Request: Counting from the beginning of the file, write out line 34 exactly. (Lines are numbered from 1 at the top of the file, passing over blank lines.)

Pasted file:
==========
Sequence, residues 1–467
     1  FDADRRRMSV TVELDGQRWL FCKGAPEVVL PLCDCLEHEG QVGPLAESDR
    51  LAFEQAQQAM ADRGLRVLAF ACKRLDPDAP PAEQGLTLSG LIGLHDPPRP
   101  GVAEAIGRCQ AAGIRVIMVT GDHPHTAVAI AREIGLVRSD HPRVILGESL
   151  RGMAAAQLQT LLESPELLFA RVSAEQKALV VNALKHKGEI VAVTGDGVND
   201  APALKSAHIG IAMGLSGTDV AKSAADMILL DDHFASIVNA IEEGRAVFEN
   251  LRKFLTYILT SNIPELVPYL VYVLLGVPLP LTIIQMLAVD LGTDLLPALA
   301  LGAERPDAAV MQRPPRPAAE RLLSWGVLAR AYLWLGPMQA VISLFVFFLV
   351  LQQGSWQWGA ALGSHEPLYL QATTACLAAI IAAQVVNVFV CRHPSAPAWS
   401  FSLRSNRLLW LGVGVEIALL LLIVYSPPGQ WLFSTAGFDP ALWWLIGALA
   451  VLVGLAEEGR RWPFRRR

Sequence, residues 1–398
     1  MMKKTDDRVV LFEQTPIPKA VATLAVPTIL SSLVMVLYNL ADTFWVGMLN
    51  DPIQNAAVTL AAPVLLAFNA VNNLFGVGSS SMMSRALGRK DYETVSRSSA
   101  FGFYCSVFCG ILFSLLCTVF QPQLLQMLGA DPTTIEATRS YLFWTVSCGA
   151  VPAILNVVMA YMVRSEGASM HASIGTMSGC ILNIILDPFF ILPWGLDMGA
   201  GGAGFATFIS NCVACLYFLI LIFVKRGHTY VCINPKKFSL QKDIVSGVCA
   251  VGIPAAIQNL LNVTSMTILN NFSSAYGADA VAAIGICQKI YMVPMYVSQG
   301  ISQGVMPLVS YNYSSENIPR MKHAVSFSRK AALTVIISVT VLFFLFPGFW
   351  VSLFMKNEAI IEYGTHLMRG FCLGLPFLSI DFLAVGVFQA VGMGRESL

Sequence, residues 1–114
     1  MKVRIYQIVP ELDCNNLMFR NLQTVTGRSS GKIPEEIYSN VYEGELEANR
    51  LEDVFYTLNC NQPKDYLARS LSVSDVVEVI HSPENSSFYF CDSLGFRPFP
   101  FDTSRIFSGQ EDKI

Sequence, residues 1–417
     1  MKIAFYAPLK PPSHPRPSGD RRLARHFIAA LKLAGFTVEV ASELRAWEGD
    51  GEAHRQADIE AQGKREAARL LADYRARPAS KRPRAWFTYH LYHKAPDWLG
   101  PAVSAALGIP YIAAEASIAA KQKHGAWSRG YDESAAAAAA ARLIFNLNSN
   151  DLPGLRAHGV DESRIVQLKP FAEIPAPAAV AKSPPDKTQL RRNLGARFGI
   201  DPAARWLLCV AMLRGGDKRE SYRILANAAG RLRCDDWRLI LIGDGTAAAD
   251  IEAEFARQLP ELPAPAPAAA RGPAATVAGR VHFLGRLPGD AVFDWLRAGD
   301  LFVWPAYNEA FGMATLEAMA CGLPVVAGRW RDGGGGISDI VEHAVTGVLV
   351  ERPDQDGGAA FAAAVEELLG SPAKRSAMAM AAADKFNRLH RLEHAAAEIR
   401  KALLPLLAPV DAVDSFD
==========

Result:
   401  KALLPLLAPV DAVDSFD